David Notkin, professor and Bradley Chair of the department of Computer Science & Engineering (CSE) of the University of Washington (UW), as well as associate dean of Research and Graduate Studies in the university's College of Engineering, recently passed away at the age of 58 following a long battle with cancer.
Notkin's educational and research interests were in software engineering, with a particular focus on software evolution; as he explained in his profile on the university's website, "understanding why software is so hard and expensive to change, and in turn reducing those difficulties and costs. These interests come from my firm belief that the ability to change software—that is, the ‘softness’ of software—is where its true power resides."
Born on New Year's Day 1955 in Syracuse, NY, Notkin received his B.Sc. in computer science at Brown University. After graduation in 1977, he continued his studies of computer science at the graduate level at Carnegie Mellon University, and on receiving his Ph.D. in 1984, moved to Seattle to join the faculty at the University of Washington, where he spent his professional career.
Notkin received a National Science Foundation Presidential Young Investigator Award in 1988. He was named an ACM Fellow and an IEEE Fellow, and received the University of Washington Distinguished Graduate Mentor Award, the ACM SIGSOFT Distinguished Service Award (2007), and the AMC SIGSOFT Influential Educator Award (2012). He was editor-in-chief of the publication ACM Transactions on Software Engineering and Methodology from 2007 through 2012. He also was serving as general chair of the 2013 International Conference on Software Engineering.
He also was a member of the board of the Computing Research Association (CRA), which had selected him as its 2013 A. Nico Habermann awardee, in recognition of his deep commitment to increasing the participation of women and underrepresented groups in computing (Notkin was a founding member of the National Center for Women and Information Technology, and provided pivotal leadership in that organization's early years as one of the first chairs of its Academic Alliance). The CRA Board of Directors, in naming Notkin to receive the award, cited his tireless work to advance the success of all students in computing, and his strong and consistent advocacy for the inclusion of women and members of other underrepresented groups in the field.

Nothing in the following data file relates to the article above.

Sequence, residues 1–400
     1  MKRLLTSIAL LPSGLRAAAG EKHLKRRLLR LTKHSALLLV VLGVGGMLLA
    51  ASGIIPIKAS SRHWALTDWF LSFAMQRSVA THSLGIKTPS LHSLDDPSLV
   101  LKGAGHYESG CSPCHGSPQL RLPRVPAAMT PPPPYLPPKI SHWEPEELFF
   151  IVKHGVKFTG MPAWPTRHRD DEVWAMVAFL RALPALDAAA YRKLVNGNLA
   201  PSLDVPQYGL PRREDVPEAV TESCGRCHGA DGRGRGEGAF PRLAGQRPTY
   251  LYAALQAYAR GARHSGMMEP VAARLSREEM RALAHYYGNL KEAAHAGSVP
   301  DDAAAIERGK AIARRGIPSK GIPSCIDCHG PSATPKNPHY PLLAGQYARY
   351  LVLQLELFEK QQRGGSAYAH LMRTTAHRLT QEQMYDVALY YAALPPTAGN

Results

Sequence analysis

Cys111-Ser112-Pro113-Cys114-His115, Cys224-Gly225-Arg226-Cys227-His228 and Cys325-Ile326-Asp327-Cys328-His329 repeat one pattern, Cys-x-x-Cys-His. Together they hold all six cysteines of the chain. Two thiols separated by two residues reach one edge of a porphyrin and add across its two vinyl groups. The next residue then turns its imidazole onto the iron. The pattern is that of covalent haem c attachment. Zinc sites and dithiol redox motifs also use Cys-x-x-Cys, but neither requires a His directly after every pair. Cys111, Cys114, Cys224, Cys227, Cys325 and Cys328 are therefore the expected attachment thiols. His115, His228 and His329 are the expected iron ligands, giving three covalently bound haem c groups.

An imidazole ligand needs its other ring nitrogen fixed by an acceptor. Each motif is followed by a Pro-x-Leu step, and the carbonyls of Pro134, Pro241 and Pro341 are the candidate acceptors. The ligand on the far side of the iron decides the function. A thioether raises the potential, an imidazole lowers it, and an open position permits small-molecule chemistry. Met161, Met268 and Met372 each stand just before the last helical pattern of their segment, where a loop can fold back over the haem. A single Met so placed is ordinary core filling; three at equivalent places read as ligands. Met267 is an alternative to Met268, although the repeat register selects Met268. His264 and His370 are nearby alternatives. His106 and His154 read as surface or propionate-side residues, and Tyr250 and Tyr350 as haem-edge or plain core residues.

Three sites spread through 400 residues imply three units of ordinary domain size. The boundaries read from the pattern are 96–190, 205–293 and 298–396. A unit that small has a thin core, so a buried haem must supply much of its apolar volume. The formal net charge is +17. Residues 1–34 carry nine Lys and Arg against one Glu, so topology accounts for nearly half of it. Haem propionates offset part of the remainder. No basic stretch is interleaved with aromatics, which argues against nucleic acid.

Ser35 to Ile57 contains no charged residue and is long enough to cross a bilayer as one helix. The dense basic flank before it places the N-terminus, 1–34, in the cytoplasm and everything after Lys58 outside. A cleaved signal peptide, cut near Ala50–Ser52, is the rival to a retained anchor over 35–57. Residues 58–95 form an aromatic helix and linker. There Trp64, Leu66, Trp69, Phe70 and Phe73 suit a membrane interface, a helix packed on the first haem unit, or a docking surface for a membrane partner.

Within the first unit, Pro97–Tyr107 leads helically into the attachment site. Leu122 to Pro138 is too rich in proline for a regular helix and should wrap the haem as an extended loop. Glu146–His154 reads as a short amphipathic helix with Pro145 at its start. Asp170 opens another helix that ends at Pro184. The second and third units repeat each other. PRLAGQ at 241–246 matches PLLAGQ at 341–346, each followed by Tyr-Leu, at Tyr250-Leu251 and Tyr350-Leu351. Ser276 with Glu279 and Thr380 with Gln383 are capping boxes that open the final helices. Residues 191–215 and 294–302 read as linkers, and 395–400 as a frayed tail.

In February 2013, more than 300 people at UW CSE joined to recognize Notkin's contributions at an event labeled Notkinfest. At that event,UW CSE announced the establishment of the David Notkin Endowed Graduate Fellowship in Computer Science & Engineering, aimed at enabling UW CSE to recruit the strongest graduate students in the nation and the world, and to honor Notkin's scholarship, his leadership in the field of computer science, and his contributions to UW CSE.
An extraordinary mentor, David received the University of Washington Distinguished Graduate Mentor Award in 2000. His philosophy about working with students was: "Focus on the students, since graduating great students means you’ll produce great research, while focusing on the research may or may not produce great students."
David was a valuable leader of the software engineering community, and will be missed by all of us who have known him over the years. I know that he would have loved to attend next month's International Conference on Software Engineering in San Francisco, where he is the General Chair. The Program Chairs told me that they are planning to organize a tribute to him at the conference, and I look forward to that opportunity to pay respects to his memory.
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